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Acquisition Reform The DARPA Approach Richard L. Dunn General Counsel DARPA


Preliminary Comments on Acquisition Reform The Incremental Approach: “Freedom is very precious that it must be rationed.” V.I. Lenin The DARPA Approach: “It’s a revolution, somebody’s bound to be offended.” John Adams, 1776

Why Not Do Business Like Everybody Else?: 

Why Not Do Business Like Everybody Else? Evolution of the Defense Industry History of DARPA Business Practices Special Legal Authorities Key Issues Dual-Use Partnering Others Examples

Evolution of the Defense Industry: 

Evolution of the Defense Industry World War II Technological Surprise Jet Aircraft Cruise Missile Ballistic Missile Guided Anti-ship Missile Cold War Imperatives U.S.S.R. Possessed Nuclear Weapons U.S.S.R. and China - Conventional Numerical Superiority

Evolution of the Defense Industry: 

Evolution of the Defense Industry Distinct Defense Industry was originally shaped by technology needs Distinct Defense Industry exists today primarily because of Government imposed business practices Defense Industry is consolidating, becoming bulkier and more in-bred


The Post-Cold War Era Civilian technology is more advanced than military technology Innovative civilian products are introduced rapidly Price of computing power declines rapidly Civilian firms with R&D budgets don’t do business with DoD “Partnering” is becoming more common - MCC, SEMATECH, National Cooperative Research Act Information Technology is the cornerstone of the “Revolution in Military Affairs”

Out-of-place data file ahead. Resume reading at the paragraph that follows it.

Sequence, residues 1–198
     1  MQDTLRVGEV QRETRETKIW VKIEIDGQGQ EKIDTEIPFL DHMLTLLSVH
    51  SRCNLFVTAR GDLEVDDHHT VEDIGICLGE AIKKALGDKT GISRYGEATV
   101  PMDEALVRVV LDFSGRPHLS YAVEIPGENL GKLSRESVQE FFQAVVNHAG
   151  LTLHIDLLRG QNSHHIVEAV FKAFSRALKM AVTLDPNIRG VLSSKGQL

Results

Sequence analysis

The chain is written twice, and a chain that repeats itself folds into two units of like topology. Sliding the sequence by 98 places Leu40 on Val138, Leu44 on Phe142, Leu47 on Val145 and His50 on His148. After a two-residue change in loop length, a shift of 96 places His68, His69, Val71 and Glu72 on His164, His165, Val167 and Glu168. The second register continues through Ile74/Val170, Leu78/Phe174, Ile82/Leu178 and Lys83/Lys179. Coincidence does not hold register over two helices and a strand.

History of DARPA Business Practices 1958 ARPA created $500M budget (= $2.5 B in FY96) begins operations immediately ARPA Order/Agent System Mission Priority - space 1960 Missile defense replaces space as ARPA’s big program ARPA diversifies 1963 ARPA begins pushing computer technology on a broad front rather than with a narrow military focus (forerunner of “dual-use” approach) 1970 Mansfield Amendment (military relevance)


History of DARPA Business Practices 1975 HAVE BLUE (Stealth) and other “black” programs contrast normal and streamlined acquisition 1984 CICA -- Broad Agency Announcements 1986 Packard Commission (prototyping) 1987 DARPA Organizes in response to Packard Prototype Projects Office Contracts Management Office General Counsel 1982 SBIR Program (continued)


History of DARPA Business Practices (continued) 1990 First DARPA “other transaction” non-procurement agreement 1991-2 “Consortia” funding added to DARPA budget 1993 Technology Reinvestment Project 1994 Non-procurement prototype projects - Globalhawk 1996 Arsenal Ship 1997 Commercial Operations and Support Savings Initiative 1999 Submarine Payloads and Sensors Programs


Special DARPA Legal Authority 10 U.S.C. 2371 (enacted 1989, amended several times) authorizes “other transactions” for research and development equal cost sharing if “practicable” procurement contract, grant not feasible/appropriate Sec. 845, Public Law 103-160 (Prototypes) authorizes “other transactions” for military prototypes cost sharing not required even if procurement contract is feasible/appropriate


DARPA Funding Mechanisms Procurement Contract Solicitation - RFP/BAA Type - CPFF Recipient - Any organization Grant Solicitation - BAA Type - typically fixed sum Recipient - typically university/non-profit “Other Transaction” Solicitation - BAA/RA Type - Milestone payments Recipient - typically consortium or commercial firm


DARPA Funding Mechanism Sec 845 Prototype Agreement Solicitation - Program Solicitation Type - CPFF, CPIF, milestone payments Recipient - typically consortium or defense contractor